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Citi, USAA Execs Share Social Media Best Practices

For many banks, social media - sites such as Twitter, Facebook and FourSquare where users freely share information with each other - is scary, unchartered territory. These banks might have a marketing page up but little else. A few brave pioneers, including Jaime Punishill, senior vice president of digital channel strategy and social media at Citi; Rhonda Crawford, vice president of digital media and innovation at

For many banks, social media - sites such as Twitter, Facebook and FourSquare where users freely share information with each other - is scary, unchartered territory. These banks might have a marketing page up but little else. A few brave pioneers, including Jaime Punishill, senior vice president of digital channel strategy and social media at Citi; Rhonda Crawford, vice president of digital media and innovation at USAA; and Steven Kruskamp, Jr., ecommerce marketing officer at 1st Mariner Bank have forged ahead with proactive bank social media initiatives and already have lessons learned to relate. Punishill, Crawford and Kruskamp, along with a social media newcomer, Bradley Leimer, vice president of the online services group at Mechanics Bank, San Francisco, shared their experiences at a Celent event uptown yesterday. Their experiences could help guide other bankers along the dim, lightly trodden path to social media prominence.1. You don't need a fully articulated strategy to get started with social media.

"In Citi North America we took a design, build fly, approach, so we are designing, building, and flying all the time," Punishill said. "We did not start off with a strategy, we knew we'd have to experiment to get enough information and exposure and translate the business goals into a set of social media goals." Two months ago, the bank completed a three-year social media roadmap that reflects the business's three-year plan and key performance indicators for various lines of business including credit cards, IRAs and personal wealth.

1st Mariner Bank, in Baltimore, also had no strategy in the beginning. "We just dove right into it because we didn't have any examples to follow," Kruskamp said. "We just said we see value here, these conversations are going on with our customers whether we know it or not, do we want to just sit back and ignore these conversations or be part of them? We decided to make it an extension of our brand where people could interact with us." He also noted that the number of people coming into the bank's branches was dropping, and the bank wanted to maintain those relationships on the web. Kruskamp explores each new platform that comes along; most recently the bank added its information on FourSquare. 1st Mariner is planning to build a campaign in FourSquare; it might, for instance, invite members to a free lunch with their branch manager. [For more on 1st Mariner's social media and personal financial management initiatives, see our latest cover story.]

Similarly, military family credit union USAA started with a "test and learn," according to Crawford. "We had the benefit of having a visionary CEO who saw what was happening in his own household" referring to his college-age son, who gets much of his information from his iPhone. "He said, this is happening with or without us. In these channels we have to be proactive, we can't wait," she said. At USAA, corporate communications has oversight for social media. The credit union's launch of remote deposit via iPhone was considered a social media initiative. USAA has an 18-month roadmap for social media that's based on relationship and reputation management for now; later the credit union will determine how to monetize it. "We want to be sure we do the right things and honor customers in the spirit of social media before we go down the path to truly selling in this space," Crawford said.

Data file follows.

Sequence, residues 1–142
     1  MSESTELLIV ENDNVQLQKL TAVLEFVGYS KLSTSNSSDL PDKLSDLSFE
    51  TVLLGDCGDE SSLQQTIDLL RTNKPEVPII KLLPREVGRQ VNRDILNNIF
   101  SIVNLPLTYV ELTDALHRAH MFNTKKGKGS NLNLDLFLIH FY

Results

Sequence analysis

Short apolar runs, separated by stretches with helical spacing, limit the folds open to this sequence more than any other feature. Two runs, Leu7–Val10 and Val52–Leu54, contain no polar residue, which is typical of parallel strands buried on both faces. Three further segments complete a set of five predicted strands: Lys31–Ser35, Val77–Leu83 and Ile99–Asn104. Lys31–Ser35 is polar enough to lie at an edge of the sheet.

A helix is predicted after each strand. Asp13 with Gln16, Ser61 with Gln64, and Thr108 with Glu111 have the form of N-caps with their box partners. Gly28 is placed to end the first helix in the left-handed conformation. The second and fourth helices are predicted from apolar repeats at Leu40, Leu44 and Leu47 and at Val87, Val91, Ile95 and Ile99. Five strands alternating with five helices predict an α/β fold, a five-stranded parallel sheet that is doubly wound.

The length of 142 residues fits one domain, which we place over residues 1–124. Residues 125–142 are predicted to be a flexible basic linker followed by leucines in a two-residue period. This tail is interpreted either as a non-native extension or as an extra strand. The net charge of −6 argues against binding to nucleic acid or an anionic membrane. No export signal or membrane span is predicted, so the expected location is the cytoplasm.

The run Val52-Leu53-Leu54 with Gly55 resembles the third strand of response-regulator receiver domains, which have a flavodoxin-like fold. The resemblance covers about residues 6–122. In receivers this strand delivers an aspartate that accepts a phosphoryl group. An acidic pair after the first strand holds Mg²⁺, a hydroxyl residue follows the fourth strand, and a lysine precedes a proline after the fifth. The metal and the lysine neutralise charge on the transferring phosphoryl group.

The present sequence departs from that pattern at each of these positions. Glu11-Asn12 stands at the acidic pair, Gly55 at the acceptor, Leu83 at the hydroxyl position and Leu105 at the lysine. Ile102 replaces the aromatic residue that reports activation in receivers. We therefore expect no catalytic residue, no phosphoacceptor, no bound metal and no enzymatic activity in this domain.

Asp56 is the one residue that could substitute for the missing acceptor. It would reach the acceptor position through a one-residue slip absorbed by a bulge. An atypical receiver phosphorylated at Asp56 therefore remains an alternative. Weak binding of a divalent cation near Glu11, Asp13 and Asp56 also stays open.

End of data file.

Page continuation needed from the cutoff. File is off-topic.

Leimer said Mechanics Bank is still exploring social media. The bank has a five-year plan for customer experience and technology that includes social media.

2. Research your customers' use of social media.

"If you imagine social media users are only teenagers, the way we imagined only teenagers would surf the internet 15 years ago, that is patently untrue," Punishill said. "The first thing you should do is find some way of doing research on your customer base. You'd be shocked to know who of your customer base is listening to social media, because every grandmother has some teenager they're tracking on Facebook because that's the only way they can talk to the kid. They're also watching what those kids are saying about the bank." In Citi's research, it found that its social-media-using customers skew affluent. About 25% of Citi North America customers are on LinkedIn. Across its lines of business and in all age groups, Citi customers use social media. And furthermore, "you have no prayer of reaching the next generation of customers if you don't do this," he said. This year for the first time, there are more Gen Y households than Baby Boomer households, he observed, and adoption rates will only escalate faster.

At USAA, social media savvy customers also skew affluent. The credit union recently set up a social media forum on its website where members could share stories. "One of first stories that went up online was, 'Why I Embroidered A Pillowcase for Your CEO,' and it was written by exactly who you would think would embroider a pillowcase for your CEO, a 70-year-old grandmother," Crawford said. "You can't go in with a stereotype of who you think is going to engage with you. We see everything from, 'If USAA was a man, I'd marry him' to posts from retired major generals on our Facebook page and our online customer boards."

Leimer said his 70-year-old parents are on Facebook and in the Bay Area, many businesses are on social media.

3. But don't just monitor social media, jump in and respond.